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October 27, 2016
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Take a Hike – or Six!

Cobey Pond Trail makes a three-mile loop around the large, vibrant Cobey Pond.
Contributed photo

All exercise has health advantages, but hiking may be one of the best activities on the long list of options that move us because of its benefits to body, mind and soul. Is there really anything better to do on a perfect fall afternoon than to enjoy a simple sojourn with friends or family into our local wetlands, uplands and forests?

With only a water bottle, good walking shoes and a little “oomph” we can be off – and few backyards in the nation are so resplendent. We are rich beyond words with a treasury of plants, birds and wildlife that never fails to be both awe-inspiring and entertaining.

Inspired by ‘Let’s Move!’
To encourage us to engage with nature up close and personal, our local offices of the National Park Service (NPS) recently released a popular brochure for the Upper Delaware titled, “Take A Hike!” The guide, which can be picked up at NPS information centers and kiosks, or downloaded on a home computer (easiest on the site), was created to tantalize local hikers of all ages to “get outdoors” and enjoy a few of the exceptional scenic, educational and recreational opportunities that can be found just a comfortable walking distance away from the couch.

The “Take a Hike!” project supports the well-known “Let’s Move!” campaign that was launched by Michelle Obama as a national initiative to get children, adults and families outdoors and exercising. “Let’s Move” promotes daily physical activity as a means to counter a national trend toward obesity and as a life-long habit for maintaining good health.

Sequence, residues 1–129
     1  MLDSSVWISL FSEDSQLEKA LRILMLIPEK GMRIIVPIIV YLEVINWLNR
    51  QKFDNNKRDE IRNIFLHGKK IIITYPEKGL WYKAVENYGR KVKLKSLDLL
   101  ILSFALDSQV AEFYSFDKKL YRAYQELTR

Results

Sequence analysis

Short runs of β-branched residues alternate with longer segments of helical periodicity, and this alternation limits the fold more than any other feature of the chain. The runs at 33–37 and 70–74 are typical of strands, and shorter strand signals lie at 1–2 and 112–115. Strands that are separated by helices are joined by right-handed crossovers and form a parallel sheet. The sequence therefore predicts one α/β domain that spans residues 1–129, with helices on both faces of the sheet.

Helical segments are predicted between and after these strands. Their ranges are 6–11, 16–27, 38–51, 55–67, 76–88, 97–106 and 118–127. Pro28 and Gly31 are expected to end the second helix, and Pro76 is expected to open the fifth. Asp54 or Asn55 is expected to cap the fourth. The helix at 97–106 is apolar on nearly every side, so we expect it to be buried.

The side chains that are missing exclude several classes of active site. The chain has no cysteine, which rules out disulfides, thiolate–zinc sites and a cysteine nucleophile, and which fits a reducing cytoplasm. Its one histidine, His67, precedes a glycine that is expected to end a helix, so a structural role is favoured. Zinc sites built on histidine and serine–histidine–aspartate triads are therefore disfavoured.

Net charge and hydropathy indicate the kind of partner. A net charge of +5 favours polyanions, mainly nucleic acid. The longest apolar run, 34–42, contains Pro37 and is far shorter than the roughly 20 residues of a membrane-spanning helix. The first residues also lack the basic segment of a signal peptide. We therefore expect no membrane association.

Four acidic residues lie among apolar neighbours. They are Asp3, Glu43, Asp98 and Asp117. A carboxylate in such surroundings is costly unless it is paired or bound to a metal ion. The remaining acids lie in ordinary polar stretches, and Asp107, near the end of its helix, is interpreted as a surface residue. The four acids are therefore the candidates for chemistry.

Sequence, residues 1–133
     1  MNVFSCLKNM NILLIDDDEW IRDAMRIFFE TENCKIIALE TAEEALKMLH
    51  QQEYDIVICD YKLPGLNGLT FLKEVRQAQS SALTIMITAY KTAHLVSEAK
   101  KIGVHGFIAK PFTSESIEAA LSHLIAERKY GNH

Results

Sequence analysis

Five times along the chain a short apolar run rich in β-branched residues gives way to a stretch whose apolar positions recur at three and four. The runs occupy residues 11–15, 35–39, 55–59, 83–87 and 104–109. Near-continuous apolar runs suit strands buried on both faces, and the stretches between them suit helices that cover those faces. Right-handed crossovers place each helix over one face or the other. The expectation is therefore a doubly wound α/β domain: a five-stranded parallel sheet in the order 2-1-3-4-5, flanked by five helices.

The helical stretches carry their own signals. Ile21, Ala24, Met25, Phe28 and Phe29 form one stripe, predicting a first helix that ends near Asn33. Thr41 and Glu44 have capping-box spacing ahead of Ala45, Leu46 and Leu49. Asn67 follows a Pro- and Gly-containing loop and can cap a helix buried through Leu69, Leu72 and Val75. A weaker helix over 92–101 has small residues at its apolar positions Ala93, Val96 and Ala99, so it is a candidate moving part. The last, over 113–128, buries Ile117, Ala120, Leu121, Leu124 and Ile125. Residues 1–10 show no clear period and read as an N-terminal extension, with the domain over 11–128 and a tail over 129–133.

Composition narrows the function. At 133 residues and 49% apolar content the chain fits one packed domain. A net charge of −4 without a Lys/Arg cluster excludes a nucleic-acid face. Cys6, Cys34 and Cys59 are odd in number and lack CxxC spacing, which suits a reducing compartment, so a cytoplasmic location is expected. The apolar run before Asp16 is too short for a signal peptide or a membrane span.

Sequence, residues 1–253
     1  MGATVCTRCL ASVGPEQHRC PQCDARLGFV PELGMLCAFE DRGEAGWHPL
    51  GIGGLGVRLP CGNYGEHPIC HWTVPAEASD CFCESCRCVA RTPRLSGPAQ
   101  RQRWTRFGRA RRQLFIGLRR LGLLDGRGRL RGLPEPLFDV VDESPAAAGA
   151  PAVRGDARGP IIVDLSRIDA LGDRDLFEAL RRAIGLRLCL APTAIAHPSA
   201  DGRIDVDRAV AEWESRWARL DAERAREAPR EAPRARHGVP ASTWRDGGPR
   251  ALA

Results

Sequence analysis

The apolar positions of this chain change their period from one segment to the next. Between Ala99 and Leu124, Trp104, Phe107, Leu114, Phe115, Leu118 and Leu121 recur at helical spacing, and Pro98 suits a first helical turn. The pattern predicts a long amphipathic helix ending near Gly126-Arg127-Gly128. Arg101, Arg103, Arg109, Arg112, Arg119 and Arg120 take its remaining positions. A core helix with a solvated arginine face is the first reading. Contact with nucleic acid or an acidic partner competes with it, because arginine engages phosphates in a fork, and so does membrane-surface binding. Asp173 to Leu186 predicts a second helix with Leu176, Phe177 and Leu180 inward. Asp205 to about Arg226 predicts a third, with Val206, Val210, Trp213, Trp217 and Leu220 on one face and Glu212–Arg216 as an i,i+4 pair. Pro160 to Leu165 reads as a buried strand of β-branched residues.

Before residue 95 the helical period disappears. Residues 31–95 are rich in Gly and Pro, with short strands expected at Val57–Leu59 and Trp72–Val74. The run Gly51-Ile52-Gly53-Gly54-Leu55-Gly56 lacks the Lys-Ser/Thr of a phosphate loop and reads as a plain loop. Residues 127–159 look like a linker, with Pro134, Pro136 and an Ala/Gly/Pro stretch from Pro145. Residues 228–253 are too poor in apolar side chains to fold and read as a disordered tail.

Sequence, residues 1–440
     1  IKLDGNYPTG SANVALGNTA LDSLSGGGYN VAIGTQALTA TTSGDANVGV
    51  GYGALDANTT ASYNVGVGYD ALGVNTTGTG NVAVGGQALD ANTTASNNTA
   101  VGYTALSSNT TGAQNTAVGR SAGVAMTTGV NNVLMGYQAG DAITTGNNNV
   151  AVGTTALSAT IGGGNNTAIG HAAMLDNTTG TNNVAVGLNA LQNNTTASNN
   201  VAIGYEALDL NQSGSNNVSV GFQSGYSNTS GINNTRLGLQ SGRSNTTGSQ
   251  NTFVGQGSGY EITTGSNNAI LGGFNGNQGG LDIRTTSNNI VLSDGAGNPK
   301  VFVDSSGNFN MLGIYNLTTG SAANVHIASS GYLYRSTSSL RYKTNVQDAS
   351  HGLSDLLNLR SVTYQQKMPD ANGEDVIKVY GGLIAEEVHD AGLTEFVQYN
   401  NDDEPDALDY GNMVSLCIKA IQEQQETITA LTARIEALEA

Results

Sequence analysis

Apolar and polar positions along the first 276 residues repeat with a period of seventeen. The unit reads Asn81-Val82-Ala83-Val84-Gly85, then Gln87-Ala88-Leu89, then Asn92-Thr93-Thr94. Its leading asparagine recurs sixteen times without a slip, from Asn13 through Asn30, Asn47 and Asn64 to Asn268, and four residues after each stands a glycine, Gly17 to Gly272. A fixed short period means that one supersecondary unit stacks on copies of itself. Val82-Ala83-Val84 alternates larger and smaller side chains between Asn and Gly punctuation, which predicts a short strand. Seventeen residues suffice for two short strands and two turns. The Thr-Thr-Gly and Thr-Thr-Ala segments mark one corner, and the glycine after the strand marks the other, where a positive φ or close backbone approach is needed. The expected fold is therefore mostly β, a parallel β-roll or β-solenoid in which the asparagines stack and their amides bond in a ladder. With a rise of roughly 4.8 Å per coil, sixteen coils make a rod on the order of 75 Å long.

“Hiking in the Upper Delaware is a great way to get exercise and enjoy this unique natural resource at the same time,” said NPS biologist Jamie Myers. “The Department of the Interior, which oversees NPS, is a supporter and sponsor of this campaign, so it was a natural fit.” (Visit for more information about the initiative.)

The Upper Delaware River Valley “Take a Hike!” brochure features brief descriptions of six trails fit for a range of interests and abilities. It also includes clear directions for finding the trails, and safety tips for hiking.

The hikes

The northern-most of the six is the Bouchoux Trail, accessed from Bouchoux Road in Lordsville, NY. This is a two-mile-long out-and-back hike that leads to an amazing panoramic view of the river valley from Jensen’s Ledges. Impressive bluestone piles are evidence that quarrying was a significant industry at one time in the area. The hike is categorized by the NPS as “difficult” due to its steep inclines and uneven footing. It takes an unhurried hiker about 90 minutes to complete the trail, not including the time you’ll want to dedicate to a picnic lunch and lots of photographs.

Further south following the river, the Damascus Forest Trail in Beach Lake, PA is an “easy” two-mile loop that wanders through a varied landscape, including wetlands, rolling hills and a large stand of old growth hemlocks that imbue visitors with a nostalgic sense of the majestic virgin forests that once towered over this area. This hike takes just 45 minutes to complete from the parking lot on MacCubbins Road.